Even if you're not a skilled skater, that's okay. Students are first taught the fundamentals of skating before they progress to more challenging skills. And even at lower intensities, you're still going to enjoy a heart-boosting workout with an estimated calorie burn of up to 750 calories per class. As Dean says, "Even at moderate speeds, roller skating can provide an aerobic workout that improves cardiovascular health."

Not in New York? Head to your local roller rink and rent a pair of skates for a few hours. It's a great way to get active with your entire family.

Sources:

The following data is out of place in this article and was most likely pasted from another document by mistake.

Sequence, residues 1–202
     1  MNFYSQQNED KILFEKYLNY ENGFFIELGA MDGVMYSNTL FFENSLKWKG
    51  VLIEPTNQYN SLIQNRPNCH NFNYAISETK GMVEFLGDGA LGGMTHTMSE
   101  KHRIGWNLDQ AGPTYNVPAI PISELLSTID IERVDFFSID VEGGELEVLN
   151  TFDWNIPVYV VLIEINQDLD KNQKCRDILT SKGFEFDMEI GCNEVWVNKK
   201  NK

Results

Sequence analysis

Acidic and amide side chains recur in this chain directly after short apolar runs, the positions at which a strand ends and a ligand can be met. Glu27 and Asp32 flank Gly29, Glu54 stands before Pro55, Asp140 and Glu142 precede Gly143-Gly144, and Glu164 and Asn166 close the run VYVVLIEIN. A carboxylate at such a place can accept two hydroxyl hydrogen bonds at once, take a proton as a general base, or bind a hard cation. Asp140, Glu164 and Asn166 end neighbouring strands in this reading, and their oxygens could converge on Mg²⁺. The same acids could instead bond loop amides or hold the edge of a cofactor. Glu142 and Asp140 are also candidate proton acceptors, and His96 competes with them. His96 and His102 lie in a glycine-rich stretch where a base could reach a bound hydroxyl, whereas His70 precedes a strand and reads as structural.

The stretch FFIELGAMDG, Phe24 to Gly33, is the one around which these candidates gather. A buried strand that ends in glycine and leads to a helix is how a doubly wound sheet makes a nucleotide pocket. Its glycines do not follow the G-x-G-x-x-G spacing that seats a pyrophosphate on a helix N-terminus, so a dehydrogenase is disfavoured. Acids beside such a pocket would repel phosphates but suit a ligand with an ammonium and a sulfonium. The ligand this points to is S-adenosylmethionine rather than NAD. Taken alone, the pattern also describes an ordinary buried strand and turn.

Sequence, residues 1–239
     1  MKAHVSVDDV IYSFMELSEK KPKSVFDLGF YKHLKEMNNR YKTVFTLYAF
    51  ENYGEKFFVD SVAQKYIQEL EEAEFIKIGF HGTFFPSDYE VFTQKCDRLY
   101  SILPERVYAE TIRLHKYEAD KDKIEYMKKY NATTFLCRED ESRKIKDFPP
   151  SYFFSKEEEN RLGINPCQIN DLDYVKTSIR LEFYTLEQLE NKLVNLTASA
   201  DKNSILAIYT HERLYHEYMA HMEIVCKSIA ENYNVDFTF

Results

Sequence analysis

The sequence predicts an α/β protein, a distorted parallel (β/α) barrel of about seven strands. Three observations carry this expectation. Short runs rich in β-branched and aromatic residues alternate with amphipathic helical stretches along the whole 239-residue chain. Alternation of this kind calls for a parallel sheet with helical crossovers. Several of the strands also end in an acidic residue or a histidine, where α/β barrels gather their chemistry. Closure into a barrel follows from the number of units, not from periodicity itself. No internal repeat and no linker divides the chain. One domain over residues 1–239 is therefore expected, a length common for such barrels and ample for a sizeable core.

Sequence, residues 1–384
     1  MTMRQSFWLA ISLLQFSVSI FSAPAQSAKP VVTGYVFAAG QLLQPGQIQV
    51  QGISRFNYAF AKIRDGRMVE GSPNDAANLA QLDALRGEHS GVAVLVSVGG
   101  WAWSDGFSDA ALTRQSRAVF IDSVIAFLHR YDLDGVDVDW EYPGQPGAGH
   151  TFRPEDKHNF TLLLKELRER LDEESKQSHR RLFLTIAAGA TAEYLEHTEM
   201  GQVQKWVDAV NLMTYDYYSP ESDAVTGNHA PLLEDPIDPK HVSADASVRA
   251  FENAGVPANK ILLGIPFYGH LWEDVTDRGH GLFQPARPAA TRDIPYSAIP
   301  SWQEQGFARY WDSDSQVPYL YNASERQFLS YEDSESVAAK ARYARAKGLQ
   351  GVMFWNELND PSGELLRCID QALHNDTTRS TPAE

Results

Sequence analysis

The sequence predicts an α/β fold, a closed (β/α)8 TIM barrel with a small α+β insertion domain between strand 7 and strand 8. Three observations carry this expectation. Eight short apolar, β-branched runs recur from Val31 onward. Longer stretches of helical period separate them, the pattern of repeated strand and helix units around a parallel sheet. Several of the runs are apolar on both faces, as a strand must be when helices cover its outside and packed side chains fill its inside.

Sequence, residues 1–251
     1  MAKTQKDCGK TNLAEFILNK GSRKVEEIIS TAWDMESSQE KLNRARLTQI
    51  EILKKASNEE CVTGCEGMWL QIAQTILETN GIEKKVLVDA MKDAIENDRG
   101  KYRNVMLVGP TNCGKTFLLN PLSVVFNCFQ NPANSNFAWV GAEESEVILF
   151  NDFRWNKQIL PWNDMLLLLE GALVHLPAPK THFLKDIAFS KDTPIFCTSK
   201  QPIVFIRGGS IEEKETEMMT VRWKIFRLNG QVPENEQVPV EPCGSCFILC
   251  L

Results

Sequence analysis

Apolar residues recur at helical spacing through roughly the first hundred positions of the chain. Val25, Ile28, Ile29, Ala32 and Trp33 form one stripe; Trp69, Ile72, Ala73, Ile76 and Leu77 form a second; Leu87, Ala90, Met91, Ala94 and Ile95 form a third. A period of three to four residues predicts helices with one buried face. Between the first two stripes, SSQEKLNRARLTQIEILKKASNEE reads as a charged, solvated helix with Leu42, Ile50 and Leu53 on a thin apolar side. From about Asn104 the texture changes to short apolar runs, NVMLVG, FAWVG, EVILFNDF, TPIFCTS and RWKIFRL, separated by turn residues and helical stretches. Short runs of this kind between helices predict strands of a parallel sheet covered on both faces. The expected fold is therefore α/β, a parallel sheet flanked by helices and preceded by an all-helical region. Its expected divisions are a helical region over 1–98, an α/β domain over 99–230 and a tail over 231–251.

American Heart Association. "Physical Inactivity And Heart Disease - Go Red For Women". Go Red For Women®. https://www.goredforwomen.org/know-your-risk/factors-that-increase-your-risk-for-heart-disease/physical-inactivity-heart-disease/

American Heart Association. "Facts About Heart Disease In Women - Go Red For Women". Go Red For Women®. https://www.goredforwomen.org/fight-heart-disease-women-go-red-women-official-site/about-heart-disease-in-women/facts-about-heart-disease/

American Heart Association. "American Heart Association Recommendations for Physical Activity in Adults." July 2016. http://www.heart.org/HEARTORG/HealthyLiving/PhysicalActivity/FitnessBasics/American-Heart-Association-Recommendations-for-Physical-Activity-in-Adults_UCM_307976_Article.jsp#.WJFWFvk

American Heart Association. "Heart Failure Projected To Increase Dramatically, According To New Statistics.". American Heart Association News. January 25, 2017. http://news.heart.org/heart-failure-projected-to-increase-dramatically-according-to-new-statistics/